Many Atlanta-area students taking courses at a for-profit university are worried about its future because the school’s parent company is in financial trouble and they say officials are sharing scant information about the situation.
Those concerns grew after federal education officials announced Wednesday they are giving the school, Argosy University, two weeks to show why it should continue to participate in federal student aid programs.
Many schools that have been dropped from the aid programs have folded, and students often have trouble transferring their credits to another school, experts say.
“It really puts students in a bad situation,” said Yasmin Farahi, policy counsel for the Center for Responsible Lending, an organization which has raised concerns about how for-profits operate and are regulated.
For some students, their immediate concern is they’re not getting their financial aid. Most Argosy students are older than traditional college students, hoping to learn skills to advance in their company or to start a new career. Tuition during the 2016-17 school year was slightly above $20,000, and more than 60 percent of students received federal student loans, according to federal government data.
Argosy’s parent company, Arizona-based Dream Center Education Holdings (DCEH), agreed to a receivership plan in January after, court records show, it’s been unable to pay some vendors. Nationally, Argosy students are waiting for an estimated $13 million in financial aid, according to one document. Some students borrow money above tuition and school fees to pay for daily expenses like child care and rent.
“The institutions … are fielding hundreds of calls a day from students facing eviction, impacted by repossession, unable to pay child care and unable to provide for their families as a result of these funds not being released,” Mary K. Whitmer, an Ohio-based attorney representing Mark Dottore, recently assigned to manage DCEH’s assets, wrote in one court document.
Argosy has 16 campuses in 11 states and online courses. It offers associate to doctoral degrees in courses such as clinical psychology, business, law and creative arts and design. Argosy offers discounts and scholarships to active-duty military and some others.
Atlanta students and others say most of the school’s department directors and employees have been laid off and enrollment is rapidly dropping. Argosy, which holds classes in an office building in Dunwoody, has about 1,500 students, said Kirk Shook, executive director of the state’s Nonpublic Postsecondary Education Commission.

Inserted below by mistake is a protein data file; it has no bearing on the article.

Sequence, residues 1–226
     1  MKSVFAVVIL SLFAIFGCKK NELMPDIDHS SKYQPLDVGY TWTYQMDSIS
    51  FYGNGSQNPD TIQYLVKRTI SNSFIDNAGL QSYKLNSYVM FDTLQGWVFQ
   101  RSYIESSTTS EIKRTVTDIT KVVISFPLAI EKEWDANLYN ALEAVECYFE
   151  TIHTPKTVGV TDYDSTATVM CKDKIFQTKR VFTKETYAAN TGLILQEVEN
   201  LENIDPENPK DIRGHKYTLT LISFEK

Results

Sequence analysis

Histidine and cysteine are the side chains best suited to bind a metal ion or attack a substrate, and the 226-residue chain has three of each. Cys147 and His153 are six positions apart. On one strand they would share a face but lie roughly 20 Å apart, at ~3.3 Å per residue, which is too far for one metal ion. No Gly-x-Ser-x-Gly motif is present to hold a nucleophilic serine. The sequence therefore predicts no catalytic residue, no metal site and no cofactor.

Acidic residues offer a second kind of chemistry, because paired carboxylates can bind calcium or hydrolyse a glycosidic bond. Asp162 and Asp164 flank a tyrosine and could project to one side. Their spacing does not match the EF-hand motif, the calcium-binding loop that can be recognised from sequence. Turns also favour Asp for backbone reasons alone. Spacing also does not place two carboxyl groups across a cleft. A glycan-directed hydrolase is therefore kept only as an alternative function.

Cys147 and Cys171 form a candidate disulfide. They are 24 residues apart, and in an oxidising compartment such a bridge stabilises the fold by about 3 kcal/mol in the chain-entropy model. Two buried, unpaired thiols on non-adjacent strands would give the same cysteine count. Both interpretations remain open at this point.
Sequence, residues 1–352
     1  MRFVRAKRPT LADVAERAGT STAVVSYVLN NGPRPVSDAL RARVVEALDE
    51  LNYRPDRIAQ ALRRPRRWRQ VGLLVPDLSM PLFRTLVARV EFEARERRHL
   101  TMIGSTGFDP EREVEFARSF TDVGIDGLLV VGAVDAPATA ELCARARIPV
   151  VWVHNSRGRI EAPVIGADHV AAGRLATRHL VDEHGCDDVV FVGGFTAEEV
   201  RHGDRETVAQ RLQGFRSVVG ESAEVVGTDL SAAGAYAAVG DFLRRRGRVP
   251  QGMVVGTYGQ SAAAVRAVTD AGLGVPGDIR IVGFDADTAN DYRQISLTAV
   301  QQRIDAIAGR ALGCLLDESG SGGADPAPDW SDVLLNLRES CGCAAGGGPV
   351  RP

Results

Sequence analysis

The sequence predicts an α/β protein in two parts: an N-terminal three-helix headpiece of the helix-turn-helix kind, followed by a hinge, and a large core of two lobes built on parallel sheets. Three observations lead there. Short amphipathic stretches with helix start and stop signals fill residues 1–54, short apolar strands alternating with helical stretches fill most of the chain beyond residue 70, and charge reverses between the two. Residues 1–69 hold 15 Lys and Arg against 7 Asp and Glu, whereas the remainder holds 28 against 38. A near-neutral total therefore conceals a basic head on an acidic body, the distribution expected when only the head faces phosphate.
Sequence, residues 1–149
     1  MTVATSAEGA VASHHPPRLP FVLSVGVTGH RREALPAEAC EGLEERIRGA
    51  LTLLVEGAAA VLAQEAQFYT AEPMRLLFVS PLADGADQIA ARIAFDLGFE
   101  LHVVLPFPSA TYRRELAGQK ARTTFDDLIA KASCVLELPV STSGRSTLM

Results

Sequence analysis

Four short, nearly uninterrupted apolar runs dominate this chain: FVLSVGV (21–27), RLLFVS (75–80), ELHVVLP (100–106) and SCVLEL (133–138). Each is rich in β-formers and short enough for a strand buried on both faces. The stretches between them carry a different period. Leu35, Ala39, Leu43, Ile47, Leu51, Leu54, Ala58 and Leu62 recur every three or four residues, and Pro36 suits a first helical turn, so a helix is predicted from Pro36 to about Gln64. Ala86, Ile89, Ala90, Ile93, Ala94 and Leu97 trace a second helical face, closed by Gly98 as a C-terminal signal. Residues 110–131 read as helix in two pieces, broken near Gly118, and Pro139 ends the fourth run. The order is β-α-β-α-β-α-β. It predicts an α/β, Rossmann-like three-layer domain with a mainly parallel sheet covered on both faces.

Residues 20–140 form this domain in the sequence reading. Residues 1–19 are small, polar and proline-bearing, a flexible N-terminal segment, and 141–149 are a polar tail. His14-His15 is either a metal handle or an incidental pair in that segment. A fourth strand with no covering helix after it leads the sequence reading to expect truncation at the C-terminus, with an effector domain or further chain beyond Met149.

Several students contacted the AJC in recent days raising concerns and asking questions about Argosy’s future. The students declined on-the-record interviews. Shook said the commission has also received questions from students and called the school Friday seeking answers.
DCEH declined to answer most questions from the AJC about the situation, including the current number of students, but insisted there are no plans to close the school.
“Argosy University, Atlanta remains open and classes continue with no plans to close. … The university remains committed to providing students with a quality education that makes an impact in their lives and the lives of others,” the company wrote this week in a one-paragraph statement to The Atlanta Journal-Constitution.
Federal education officials in late January put Argosy and The Art Institute, another school owned by its parent company, under increased monitoring. One condition of the monitoring is the schools must disburse loans and grants to students from the schools’ own funds before requesting reimbursement from the federal government.
Paying that money to students may be a problem. Court records show one creditor said DCEH and the schools owed $252,737 over a three-month stretch last year. The records don’t specify why there are such unpaid debts. Other documents show money expected by DCEH never arrived, such as one company paying DCEH $6 million for services to support the schools or other investors providing $10 million to help the company pay for operations at Argosy and other schools.